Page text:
By Leslie Jernegan
As the assistant director of development and training at California Primary Care Association, Jodi Samuels hasn’t followed the standard career path of an alumna with a PhD in French.
But then again, Samuels isn’t one to follow a narrow path. Her interests span too broadly. Her realization during her graduate studies that she didn’t want to pursue a career in academia was exactly what animated her to begin exploring other options.
“Even if you want to go into academia, there is value in looking at other careers as well. For me, it was being fortunate, being open to opportunities, and taking advantage of them when they occurred.”
Splitting her time between being a TA and being a program assistant helping build a new program in UW–Madison’s Department of French and Italian, Samuels discovered her desire to have a widespread career with a bigger impact on society as a whole.
While Samuels’s current position doesn’t utilize her degree in French, per se, she gives much credit to other skills gained during her studies.
“As an undergrad I didn’t necessarily develop the main skills to the extent that I did as when I was in the PhD program,” Samuels says. “…the research skills, knowing how to organize, the reading, knowing how to bring together information and take academic speech and translate it into something more understandable for a wider audience – those directly link to what I have now in grant writing, development and training.”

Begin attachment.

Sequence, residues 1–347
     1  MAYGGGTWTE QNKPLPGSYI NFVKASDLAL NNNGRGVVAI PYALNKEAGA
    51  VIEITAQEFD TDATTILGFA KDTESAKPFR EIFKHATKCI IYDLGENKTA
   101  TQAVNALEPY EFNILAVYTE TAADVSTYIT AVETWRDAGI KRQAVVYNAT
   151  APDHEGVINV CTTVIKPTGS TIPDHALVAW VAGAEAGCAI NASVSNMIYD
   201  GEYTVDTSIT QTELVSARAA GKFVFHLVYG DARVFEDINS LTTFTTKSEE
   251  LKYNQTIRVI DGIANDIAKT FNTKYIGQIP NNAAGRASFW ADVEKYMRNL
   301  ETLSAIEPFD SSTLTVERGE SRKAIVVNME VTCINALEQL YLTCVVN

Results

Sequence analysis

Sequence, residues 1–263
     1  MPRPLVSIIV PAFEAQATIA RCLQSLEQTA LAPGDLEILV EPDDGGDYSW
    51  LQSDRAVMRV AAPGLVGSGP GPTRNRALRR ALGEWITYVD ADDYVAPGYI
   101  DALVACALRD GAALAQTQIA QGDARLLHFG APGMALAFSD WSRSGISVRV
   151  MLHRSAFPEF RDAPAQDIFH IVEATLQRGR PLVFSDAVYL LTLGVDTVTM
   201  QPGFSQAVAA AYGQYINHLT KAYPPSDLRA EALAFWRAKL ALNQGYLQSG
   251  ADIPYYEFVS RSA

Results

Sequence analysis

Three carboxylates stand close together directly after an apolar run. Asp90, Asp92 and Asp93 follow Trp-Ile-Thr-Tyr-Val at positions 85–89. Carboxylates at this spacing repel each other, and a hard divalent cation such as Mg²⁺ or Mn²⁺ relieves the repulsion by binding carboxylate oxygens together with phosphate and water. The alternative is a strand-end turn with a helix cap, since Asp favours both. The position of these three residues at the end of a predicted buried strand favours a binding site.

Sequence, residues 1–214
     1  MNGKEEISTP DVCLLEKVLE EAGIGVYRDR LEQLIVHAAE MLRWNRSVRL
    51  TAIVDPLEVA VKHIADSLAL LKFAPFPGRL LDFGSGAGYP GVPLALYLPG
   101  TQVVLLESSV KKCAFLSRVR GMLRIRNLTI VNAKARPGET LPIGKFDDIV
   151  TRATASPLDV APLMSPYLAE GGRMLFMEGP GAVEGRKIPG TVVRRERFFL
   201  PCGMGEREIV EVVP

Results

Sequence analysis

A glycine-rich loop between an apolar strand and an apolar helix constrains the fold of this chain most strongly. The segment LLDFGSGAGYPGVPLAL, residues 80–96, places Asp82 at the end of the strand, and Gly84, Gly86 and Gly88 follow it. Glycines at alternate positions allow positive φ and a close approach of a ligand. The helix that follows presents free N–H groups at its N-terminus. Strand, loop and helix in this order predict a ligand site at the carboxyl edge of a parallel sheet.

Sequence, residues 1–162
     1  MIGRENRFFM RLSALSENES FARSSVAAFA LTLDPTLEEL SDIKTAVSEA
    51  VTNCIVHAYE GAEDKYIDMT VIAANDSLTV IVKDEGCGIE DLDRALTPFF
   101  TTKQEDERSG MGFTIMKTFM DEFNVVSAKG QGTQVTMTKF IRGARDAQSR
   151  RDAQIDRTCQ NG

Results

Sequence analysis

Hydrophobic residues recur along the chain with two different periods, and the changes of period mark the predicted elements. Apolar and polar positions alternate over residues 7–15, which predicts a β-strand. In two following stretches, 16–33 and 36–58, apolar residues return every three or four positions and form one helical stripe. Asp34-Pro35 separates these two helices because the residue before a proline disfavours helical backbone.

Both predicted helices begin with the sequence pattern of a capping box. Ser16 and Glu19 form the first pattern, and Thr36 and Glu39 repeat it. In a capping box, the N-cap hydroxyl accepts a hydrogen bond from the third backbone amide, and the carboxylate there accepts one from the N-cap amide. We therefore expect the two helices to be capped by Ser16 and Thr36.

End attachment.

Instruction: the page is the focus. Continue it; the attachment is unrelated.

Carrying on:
Although Samuels followed her aspiration of helping her community and working for a nonprofit, she doesn’t hesitate to note how impossible it might be to satisfy all of her interests in her work life, and emphasizes that one considers external factors when contemplating a career.
“If you’re not able to know for yourself other things you can pursue, or other things that can give you passion and happiness outside of your work, I think you’re giving yourself a short trip,” Samuels says. “I think it’s really hard to see that as a grad student because you’re just looking at focusing on your degree and then you can get out and figure out what to do with that.”
Samuels’s greatest advice for professional and personal satisfaction: think about what success means to you, personally and professionally.
“Think about what’s important in life, what you want out of life, your quality of life, your community, your environment,” Samuels says. “That may really impact your happiness much more than what your job or your salary is.”